By Luciana Leitão
I usually don’t use the book’s name for my chronicle’s title. Yet, in this particular case, I cannot avoid it. This book is Istanbul, capturing its essence, its people, its heterogeneity, its mixture. Buket Uzuner’s Istanbullu (or I am Istanbul, in English) digs in with all her five senses in the Turkish city, capturing its soul. In a time of political convulsion in Turkey, in which things seem to be changing — for the worse — at a too fast rhythm, Buket Uzuner’s work allows us to pause and think about the magnificent city now apparently turning into an authoritarian regime.
I am Istanbul is one of the author’s best books and taught in several Turkish universities and high schools. And it was recommended to me when I was passing by the city and looking — as I always do — for works written by local authors.
Ataturk International Airport in Istanbul is an amazing place, filled with life and soul. In real life and in the book. In the particular day, in which our story happens, the airport is crowded, filled with people waiting in line, running, shopping or simply using the bathroom — something absolutely common in the daily life of and airport. In this day, a couple is about to be reunite and start a life together — Ayhan, a Kurdish sculptor, and Belgin, a professor of genetics formerly based in New York. Two different people, from two different backgrounds, about to embark in a life together.
This novel explores what it is to be an Istanbullu, someone from the Turkish city. In this immense city, who really belongs? Along with the couple, she features also different characters, some of which are only remotely related to the main plot, allowing the readers to feel the pulse of a simultaneously cosmopolitan and ancient city, and including a wide range of people, from different religions and ethnic groups. Such is Istanbul.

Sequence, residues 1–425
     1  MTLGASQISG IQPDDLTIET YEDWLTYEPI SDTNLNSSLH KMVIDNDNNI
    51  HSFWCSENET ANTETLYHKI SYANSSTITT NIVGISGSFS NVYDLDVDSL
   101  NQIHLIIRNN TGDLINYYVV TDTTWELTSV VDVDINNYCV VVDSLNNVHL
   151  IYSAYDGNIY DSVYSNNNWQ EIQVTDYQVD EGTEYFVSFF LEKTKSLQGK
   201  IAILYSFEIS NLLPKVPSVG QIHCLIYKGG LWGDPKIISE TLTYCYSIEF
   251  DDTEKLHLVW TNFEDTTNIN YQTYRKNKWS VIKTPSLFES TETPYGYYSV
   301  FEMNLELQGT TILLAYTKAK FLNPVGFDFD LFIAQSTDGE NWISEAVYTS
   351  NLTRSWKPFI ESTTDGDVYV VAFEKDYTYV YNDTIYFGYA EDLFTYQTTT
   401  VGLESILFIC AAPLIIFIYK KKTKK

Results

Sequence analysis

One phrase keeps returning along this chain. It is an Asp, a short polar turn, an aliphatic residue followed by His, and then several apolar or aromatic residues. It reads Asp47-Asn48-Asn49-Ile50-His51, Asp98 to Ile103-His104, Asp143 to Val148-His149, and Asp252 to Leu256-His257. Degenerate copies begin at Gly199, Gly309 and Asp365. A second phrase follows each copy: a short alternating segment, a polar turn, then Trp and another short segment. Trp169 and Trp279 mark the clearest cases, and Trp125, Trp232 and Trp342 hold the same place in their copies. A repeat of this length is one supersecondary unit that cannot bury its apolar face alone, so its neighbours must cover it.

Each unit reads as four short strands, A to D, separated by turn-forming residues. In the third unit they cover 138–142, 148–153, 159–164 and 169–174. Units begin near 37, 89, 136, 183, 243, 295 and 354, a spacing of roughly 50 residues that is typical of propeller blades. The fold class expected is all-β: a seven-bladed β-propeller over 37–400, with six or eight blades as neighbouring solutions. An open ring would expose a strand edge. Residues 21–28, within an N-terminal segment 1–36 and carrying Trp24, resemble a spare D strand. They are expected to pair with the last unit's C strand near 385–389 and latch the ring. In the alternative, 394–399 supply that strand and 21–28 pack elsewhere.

It is an intricate plot that intends to make the reader feel and think about the identity issues at stake in today’s Istanbul. I am Istanbul also does an amazing depiction of the stereotypes people usually have towards different religions or class groups, through internal monologues. And we — the readers — bare witness to how assumptions about others are usually mistaken.
Istanbul has become different in the past days. After a failed military coup, “night after night, thousands of people drive through the city, waving Turkish flags and blaring patriotic songs as they flood into Taksim Square, heeding Mr. Edogan’s call to stay on alert,” says an article published in The Washington Post. Erdogan is now perceived as an authoritarian figure and there are allegations of purges within the country of all of those he believes were involved in the coup.
Istanbul seems now different from the one I met six years ago. And so I prefer to think of it as in Buket Uzuner’s book. “I am Istanbul, city of cities, mistress of metropolises, community of poets, seat of emperors, favorite of sultans, pearl of the world! And of all the world’s cities, I am without a doubt the most magnificent,” she writes. Let’s not forget that.
I Am Istanbul (Istanbullu)
Translated by Kenneth J. Dakan